Anwar Maqsood: Pakistan’s “Sultan of Satire” in California
By Ras H. Siddiqui

The Human Development Foundation ( http://www.hdf.com/ ) also known as HDF held two fundraisers in Northern California (in Santa Clara and Sacramento) to the delight of many South Asians in the region. The HDF cause is a good one to support, because the need is great in Pakistan from where terrorism and lawlessness often capture the international headlines but the social depravation and grinding poverty that can possibly cause it are usually ignored.

HDF is taking a holistic approach to tackling various socio-economic problems there and amongst its supporters is Anwar Maqsood who was a star attraction at these recent events. The “Sultan of Satire” best describes him as he has written, produced and performed in “serious” comedy on Pakistan Television for over 50 years.  Thanks to HDF, we were lucky enough to catch up with him in Sacramento. 

Octogenarian Maqsood was born in the State of Hyderabad (India) in the 1930’s. His family included two very talented sisters, one a   prolific writer of television dramas Fatima Surayya Bajia (who passed away in February) and the other poetess, Zehra Nigah. Needless to say, the family has had  Urdu language literature somewhat conquered for a very long time. And to add another fact that Maqsood’s son Bilal makes up half of the music band Strings (of Zinda Hoon fame).  And besides writing satirical plays and skits, Anwar Maqsood is also a poet and as we found out at this event also a painter and sculptor.   But comedy and satire is what we know him best for so let us jump right in but with the caveat that the perfect English translation of Urdu is never an exact science and its accuracy here may not be complete.

Maqsood greeted the Sacramento event participants and informed us that this is the first time he has been to this part of America. He said that we in the audience know all about our country of origin. We often lack adequate water, education, food, and living space. But these are just   small things,  he added. We have the   Atum Bum  (Atomic Bomb in Urdu) so a pox on all these other   necessary  things! Who needs them? It appears that a country that has the   Atum   Bum  needs nothing else!  One can add that only a person of the stature of Anwar Maqsood can say this about Pakistan in front of Pakistanis and get away with it. He added that he is sometimes saddened by just thinking about this   Bum. What use is it when so many other priorities are being neglected?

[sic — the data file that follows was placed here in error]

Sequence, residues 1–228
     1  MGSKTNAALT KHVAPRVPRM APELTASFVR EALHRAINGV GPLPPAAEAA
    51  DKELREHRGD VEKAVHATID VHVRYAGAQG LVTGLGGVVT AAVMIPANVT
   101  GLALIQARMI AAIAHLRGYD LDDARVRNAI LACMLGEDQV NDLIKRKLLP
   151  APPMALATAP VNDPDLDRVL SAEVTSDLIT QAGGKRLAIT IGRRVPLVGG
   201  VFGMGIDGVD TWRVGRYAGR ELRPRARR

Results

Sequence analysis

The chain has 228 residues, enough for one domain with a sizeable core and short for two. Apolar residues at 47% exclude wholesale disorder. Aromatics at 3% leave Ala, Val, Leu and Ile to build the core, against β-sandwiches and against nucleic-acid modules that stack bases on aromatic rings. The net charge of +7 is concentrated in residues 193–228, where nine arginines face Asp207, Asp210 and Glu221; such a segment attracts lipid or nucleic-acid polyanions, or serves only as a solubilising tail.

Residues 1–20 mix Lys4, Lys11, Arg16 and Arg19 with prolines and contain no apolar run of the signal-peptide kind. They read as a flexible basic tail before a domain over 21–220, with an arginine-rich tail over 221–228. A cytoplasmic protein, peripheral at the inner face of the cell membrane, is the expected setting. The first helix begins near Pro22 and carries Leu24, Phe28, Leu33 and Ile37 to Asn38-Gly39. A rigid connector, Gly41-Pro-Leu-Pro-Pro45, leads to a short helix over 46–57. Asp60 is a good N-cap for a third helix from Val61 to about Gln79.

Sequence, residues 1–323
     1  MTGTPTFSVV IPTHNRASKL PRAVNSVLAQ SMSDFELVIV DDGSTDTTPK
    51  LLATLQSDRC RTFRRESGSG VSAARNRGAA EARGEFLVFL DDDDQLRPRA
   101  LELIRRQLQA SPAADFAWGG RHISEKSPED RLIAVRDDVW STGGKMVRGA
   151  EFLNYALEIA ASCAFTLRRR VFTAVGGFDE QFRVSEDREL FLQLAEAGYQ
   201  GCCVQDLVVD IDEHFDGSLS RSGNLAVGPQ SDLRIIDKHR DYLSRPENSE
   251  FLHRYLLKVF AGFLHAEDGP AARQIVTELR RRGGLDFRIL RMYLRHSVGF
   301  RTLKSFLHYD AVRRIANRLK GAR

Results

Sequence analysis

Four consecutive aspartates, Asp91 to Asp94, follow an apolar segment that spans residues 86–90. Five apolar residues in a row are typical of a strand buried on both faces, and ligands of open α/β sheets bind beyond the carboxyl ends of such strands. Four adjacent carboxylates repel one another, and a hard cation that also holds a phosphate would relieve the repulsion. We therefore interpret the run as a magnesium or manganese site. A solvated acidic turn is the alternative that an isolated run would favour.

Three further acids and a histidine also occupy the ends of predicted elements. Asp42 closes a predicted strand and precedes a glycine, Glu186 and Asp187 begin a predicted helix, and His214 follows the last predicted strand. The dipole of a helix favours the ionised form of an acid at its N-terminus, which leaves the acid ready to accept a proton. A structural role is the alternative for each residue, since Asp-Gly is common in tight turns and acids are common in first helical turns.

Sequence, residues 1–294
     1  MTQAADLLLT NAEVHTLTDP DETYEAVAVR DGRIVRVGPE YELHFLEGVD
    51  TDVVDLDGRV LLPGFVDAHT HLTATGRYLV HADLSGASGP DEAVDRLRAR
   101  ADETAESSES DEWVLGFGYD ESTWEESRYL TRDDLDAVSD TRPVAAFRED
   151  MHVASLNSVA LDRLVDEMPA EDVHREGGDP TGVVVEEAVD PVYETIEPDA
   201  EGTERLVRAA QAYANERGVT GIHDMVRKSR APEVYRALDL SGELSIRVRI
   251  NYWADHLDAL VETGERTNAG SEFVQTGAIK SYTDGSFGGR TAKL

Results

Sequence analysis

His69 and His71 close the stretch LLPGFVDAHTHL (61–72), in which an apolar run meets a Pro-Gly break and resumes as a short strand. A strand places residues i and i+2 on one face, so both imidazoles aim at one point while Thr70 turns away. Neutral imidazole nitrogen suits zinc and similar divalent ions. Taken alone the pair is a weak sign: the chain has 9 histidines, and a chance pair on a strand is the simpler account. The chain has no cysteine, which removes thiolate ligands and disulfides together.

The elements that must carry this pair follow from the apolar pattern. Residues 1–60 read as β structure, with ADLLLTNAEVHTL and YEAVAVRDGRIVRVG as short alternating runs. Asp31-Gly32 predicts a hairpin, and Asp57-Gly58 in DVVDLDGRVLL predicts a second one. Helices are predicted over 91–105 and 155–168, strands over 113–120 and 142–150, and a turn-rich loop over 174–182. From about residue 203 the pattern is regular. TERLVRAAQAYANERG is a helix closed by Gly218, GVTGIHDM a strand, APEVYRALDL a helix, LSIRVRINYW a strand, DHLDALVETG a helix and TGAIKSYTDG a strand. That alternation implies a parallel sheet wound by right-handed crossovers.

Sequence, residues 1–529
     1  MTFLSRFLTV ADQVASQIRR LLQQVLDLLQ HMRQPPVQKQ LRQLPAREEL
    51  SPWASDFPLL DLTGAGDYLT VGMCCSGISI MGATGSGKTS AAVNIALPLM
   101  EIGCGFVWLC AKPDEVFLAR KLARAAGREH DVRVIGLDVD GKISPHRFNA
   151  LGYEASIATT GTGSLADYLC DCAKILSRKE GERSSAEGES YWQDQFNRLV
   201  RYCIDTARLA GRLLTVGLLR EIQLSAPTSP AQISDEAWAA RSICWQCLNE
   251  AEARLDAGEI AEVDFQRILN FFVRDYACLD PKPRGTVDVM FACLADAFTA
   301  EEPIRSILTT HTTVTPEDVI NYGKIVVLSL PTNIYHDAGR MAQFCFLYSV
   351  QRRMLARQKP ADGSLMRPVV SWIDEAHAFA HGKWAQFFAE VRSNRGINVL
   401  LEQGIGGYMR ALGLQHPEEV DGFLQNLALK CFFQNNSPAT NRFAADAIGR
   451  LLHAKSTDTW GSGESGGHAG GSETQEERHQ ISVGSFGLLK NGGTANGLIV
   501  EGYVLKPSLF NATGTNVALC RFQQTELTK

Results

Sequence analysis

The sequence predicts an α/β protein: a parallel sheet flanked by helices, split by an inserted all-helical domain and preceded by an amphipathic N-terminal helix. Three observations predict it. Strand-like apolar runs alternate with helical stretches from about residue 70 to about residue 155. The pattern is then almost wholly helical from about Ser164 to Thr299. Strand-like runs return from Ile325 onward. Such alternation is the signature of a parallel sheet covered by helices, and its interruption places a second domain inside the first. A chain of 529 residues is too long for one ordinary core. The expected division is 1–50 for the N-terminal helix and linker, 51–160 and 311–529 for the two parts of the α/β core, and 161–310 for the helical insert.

Anwar Maqsood has written for television programs in Pakistan for about fifty-five years. He said, I have actually always written for you who have been my audience. He shared with us the news that his play Siachen  is running quite successfully these days. He said that Pakistan “opened” on 14 th  August 1947. Did I say opened? I meant was founded! It has been quite a long time now. He said that he just saw an HDF slide presented here on “Waste Management” which would aptly describe some, if not all of Pakistan’s elected Assembly.  He thanked General Musharraf who during his rule made it mandatory for all elected members of Pakistan’s parliament to be educated and have at least a Bachelor’s degree to hold office.  And so it became possible for many of those elected to   miraculously acquire these degrees in a surprising three days  or months when it takes the rest of us several years of hard work to get them!